Sweden: the day before New Year’s Eve

New Years Eve is tomorrow – a Sunday. That means that it is not possible to buy alcohol as the shops controlled by the state-run alcohol monopoly are closed. If you want wine or spirits to toast in 2018, today is the last day to buy it. On a Sunday – no way! All over the country, Swedes thronged to buy their alcohol which resulted in queues and serious congestion. Here is a picture put up on Facebook today. A normal queue for the day I’m guessing – this one in Bromma in Stockholm.

What would you have done? Stayed in line or stormed off in a new year’s huff?!

Photo: Kim Nilsson

Sweden’s Name of the Day

In Sweden, there’s a concept known as a ‘name’s day’. Each day of the year has a name associated with it. For example, today January 2nd, is Svea’s day. 

Celebrating name’s day was originally intended to weaken the importance of celebrating birthdays which was considered heathen and unChristian. Most people were christened after saints, which was deemed more holy. 

Interestingly, the concept was also used commonly by farmers to plan their crops, rather than on specific dates. This still exists today somewhat with terms such as Mårten’s Eve and Anna’s Day.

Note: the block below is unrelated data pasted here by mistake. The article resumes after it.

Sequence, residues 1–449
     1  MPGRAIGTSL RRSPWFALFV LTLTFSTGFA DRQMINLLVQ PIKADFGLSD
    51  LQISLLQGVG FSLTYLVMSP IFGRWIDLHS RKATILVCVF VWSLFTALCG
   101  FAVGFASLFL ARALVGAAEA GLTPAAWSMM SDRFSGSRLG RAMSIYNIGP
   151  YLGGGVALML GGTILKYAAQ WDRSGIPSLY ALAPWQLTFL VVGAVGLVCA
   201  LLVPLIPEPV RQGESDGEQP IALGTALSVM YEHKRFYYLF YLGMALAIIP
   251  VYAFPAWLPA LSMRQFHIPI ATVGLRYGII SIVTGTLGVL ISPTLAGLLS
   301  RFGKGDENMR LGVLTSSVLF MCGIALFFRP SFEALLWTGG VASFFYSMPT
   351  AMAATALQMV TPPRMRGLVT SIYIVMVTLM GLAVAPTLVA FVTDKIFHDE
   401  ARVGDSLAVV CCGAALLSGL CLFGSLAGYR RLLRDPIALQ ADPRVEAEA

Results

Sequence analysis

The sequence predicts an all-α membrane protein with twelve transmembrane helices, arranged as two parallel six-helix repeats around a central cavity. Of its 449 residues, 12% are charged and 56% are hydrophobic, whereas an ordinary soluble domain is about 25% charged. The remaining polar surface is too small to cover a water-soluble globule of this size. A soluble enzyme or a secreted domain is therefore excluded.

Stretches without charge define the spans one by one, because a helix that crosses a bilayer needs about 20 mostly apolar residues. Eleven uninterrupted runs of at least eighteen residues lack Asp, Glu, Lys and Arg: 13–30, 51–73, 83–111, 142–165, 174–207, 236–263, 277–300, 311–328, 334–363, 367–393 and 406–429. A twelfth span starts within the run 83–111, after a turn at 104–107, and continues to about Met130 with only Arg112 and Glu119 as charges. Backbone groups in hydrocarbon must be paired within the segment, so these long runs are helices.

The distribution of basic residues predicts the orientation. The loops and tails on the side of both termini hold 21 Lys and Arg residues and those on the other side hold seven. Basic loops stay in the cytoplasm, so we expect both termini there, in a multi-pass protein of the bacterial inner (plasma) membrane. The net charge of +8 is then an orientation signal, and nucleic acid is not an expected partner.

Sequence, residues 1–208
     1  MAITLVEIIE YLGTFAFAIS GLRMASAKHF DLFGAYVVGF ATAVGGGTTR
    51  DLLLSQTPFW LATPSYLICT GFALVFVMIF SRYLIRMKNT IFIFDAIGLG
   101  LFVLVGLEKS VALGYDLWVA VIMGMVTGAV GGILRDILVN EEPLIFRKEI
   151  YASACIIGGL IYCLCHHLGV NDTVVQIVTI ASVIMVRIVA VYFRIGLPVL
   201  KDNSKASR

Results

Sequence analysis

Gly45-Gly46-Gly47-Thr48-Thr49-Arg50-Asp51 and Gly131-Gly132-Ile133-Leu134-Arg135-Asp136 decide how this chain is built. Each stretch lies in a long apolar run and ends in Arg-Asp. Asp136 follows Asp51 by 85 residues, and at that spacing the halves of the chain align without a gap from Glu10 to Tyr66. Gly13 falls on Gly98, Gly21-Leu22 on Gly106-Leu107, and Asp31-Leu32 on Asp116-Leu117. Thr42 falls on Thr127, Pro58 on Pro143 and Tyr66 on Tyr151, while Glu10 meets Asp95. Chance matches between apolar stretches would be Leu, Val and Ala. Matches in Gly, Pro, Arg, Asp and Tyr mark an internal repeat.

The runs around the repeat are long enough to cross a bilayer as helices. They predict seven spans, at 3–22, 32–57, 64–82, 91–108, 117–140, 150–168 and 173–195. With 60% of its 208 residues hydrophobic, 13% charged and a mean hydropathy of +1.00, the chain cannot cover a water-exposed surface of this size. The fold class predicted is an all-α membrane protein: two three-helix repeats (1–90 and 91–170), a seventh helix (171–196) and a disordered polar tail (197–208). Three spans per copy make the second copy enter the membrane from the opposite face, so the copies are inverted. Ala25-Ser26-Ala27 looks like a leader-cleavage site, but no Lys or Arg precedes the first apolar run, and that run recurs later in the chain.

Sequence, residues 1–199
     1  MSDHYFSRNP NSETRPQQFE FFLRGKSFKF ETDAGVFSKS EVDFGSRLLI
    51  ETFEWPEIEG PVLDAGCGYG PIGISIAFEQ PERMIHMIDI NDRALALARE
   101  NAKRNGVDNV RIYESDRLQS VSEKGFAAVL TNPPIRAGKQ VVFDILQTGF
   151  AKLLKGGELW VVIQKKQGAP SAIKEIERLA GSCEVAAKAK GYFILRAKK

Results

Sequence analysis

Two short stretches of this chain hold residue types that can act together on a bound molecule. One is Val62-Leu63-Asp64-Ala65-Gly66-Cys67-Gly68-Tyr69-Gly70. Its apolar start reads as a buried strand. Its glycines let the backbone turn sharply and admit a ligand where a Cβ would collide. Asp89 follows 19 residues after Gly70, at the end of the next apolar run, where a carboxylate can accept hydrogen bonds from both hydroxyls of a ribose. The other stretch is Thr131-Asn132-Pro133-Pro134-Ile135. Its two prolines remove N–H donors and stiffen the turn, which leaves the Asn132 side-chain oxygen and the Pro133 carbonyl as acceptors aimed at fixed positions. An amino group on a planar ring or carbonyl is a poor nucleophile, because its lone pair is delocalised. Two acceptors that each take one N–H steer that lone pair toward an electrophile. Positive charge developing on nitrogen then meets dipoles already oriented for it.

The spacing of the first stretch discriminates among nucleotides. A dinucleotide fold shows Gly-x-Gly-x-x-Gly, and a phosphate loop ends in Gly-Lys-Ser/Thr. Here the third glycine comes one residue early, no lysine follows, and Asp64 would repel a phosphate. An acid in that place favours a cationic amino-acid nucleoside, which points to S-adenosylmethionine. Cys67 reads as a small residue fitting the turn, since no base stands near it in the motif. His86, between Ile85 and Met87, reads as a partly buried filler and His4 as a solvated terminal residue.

Today it is seen mostly as an opportunity to celebrate a person with that name on that very day. Some people give presents or go out for dinner, others send texts or write congratulations on social media. Others ignore it completely.

So what can you do if your name doesn’t have an official name’s day? Well, either don’t care about it or adopt a day. 

My English name doesn’t exist in the calendar so I chose the closest Swedish name I could – Nils. That means that the 8th October is my day. Along with the other 138,350 males in Sweden with the name Nils.  

Oh, and the 5 women who also weirdly have Nils as their first name too! 

So when is your name’s day? 

Afton – Swedes’ favourite celebration


In the UK, we celebrate ‘Days’ such as Christmas Day & Easter Day. But in Sweden, it is always the Eve ( ‘afton’) that is the big celebration time. There’s Julafton, Påskafton, Valborgsmässoafton, Midsommarafton, nyårsafton, trettondagsafton. Why is this? Anyone know? Cos I’ve always wondered. Surely it can’t just be to get an extra day’s holiday?